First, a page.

Joel Runyon

@joelrunyon

Why I Delete 30,000 Subscribers Every Quarter

Warning: This technique keeps my open rate ~40%. If you’d like low open rates and un-engaged readers, stop reading now.

A lot of people want a lot of subscribers. They get excited about growing their list + get so excited about the top number that they forget about the other factors involved (including quality, open rate and subscriber activity).

If they keep it up, they’ll notice their top number (total subscribers) increases, but other metrics (revenue, opens and activity) actually decrease!

So, it surprises some people that every month I delete at least 30,000 subscribers across the board.

Here’s one of my latest months for proof (with just a few more than 30k this time — I went a bit overboard).

I posted a tweet about this and got a lot of reactions, so I thought I’d dive into more about how I do this.

https://twitter.com/joelrunyon/status/788498207735222272

First of all — why do I do this?

There are a lot of reasons to do this. Most of them I touched on in the tweet.

  • Focus on highly-engaged readers
  • Improve open rates
  • Lower email provider costs
  • Improve quality over quantity

While lots of people want big lists, what you really want is a list worth having. Having a big list of people who mark your stuff as spam or just ignore you isn’t worth much. You might be able to use the number to brag in some marketing copy, but you’re not going to actually get much out of the list.

You’ll have someone talk about their list size being 200,000 people, but their open rate is 6%.

That’s terrible.

By deleting inactive or dead subscribers, you update your list and give people a chance to re-engage with you — even if it’s been a few months. If you have a great big list and have great engagement, then you’re fine. If you don’t have that, then you might want to start deleting people.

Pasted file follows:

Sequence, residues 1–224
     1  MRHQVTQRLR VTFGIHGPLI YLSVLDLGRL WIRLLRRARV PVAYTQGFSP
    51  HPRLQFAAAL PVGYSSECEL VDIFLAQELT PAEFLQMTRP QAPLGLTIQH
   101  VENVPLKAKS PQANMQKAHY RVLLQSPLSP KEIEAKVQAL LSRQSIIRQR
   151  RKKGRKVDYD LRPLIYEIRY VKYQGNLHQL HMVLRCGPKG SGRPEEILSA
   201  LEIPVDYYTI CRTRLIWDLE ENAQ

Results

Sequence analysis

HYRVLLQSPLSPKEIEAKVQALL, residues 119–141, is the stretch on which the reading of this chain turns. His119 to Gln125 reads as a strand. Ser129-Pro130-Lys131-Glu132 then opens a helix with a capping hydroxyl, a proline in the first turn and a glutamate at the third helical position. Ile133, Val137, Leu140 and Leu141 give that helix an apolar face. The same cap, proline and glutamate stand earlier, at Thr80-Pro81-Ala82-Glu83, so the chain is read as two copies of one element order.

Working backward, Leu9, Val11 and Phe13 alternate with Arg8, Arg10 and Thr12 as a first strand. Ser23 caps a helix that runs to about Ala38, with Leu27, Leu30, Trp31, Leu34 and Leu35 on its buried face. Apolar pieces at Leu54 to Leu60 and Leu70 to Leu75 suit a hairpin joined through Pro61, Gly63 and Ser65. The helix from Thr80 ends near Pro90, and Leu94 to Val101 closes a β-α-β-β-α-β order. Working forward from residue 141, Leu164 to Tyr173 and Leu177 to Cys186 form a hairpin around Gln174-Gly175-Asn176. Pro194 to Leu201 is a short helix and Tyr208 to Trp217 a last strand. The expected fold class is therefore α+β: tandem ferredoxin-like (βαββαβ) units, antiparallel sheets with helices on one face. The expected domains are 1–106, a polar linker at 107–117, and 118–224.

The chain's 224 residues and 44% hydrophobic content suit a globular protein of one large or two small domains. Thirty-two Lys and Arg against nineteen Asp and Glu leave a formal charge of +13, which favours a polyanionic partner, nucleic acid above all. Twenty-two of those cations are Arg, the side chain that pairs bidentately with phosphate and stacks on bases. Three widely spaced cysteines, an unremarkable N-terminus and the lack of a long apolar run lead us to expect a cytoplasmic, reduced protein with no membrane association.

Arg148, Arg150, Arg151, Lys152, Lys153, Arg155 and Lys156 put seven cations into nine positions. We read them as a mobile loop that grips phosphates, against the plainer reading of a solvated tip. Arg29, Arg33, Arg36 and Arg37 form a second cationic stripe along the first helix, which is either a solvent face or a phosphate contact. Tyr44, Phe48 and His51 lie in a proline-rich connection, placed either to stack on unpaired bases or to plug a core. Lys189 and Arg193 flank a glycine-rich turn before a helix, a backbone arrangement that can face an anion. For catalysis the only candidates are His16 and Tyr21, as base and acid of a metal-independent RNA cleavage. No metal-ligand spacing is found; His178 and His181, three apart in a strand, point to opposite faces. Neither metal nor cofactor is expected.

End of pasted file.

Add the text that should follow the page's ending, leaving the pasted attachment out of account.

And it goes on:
It also gives you a better grip on the current situation with more realistic feedback and lets you take corrective action where necessary.

Here’s how I go about it.

Identifying Dead Subscribers

Every quarter I make a list of people who:

  1. Have been subscribed for 30 days at least.
  2. Haven’t opened an email in the last 90 days.

Once I’ve figured out this cross-segment, I tag them as “dead” and prepare 3 emails to be sent to these guys.

Pro tip #1: If you use ConvertKit, I bugged them into making this a built-in feature. You’re welcome.

Reactivating The Dead Subscribers

Once I’ve identified the inactives, I send them 3 emails.

Email #1 — You’re an Inactive Subscriber

Script to use

Subject: where’ve you been?

Hey –

It’s Joel with [site].

It looks like you haven’t opened an email from me in a while. What’s up with that?

Here at IMPOSSIBLE, I’m trying to focus on positive people who are looking to get healthy & most importantly — want to hear from me.

That’s why, next week, I’ll be removing people who haven’t opened my emails in a while.

I’m emailing you to because you’re on that list.

If you’re no longer interested in IMPOSSIBLE or don’t want to hear from me, that’s fine — I’ll be taking you off the list next week.

BUT

If you just got behind the past couple months, click the link below and I’ll add you to the “safe” list.

Here’s the link

=> Yes, I still want helpful resources, blog posts and podcasts

Again, if you’re not interested in hearing from me, you don’t have to do a thing and I’ll take you off this list next week.

Stay strong out there.

– Joel

SITE NAME

p.s. here’s the link one more time.

Email #2 — You Have One More Chance

Here, I send the same email as email #1, but only send it to “unopens” or people who didn’t open the first email.

Pro tip #2: “Send to Unopens” is such a powerful feature that I actually paid ConvertKit to specifically build this feature for me (proof). It’s now built into the platform for easy use.

Email #3 — Goodbye + Gifts

Script to use: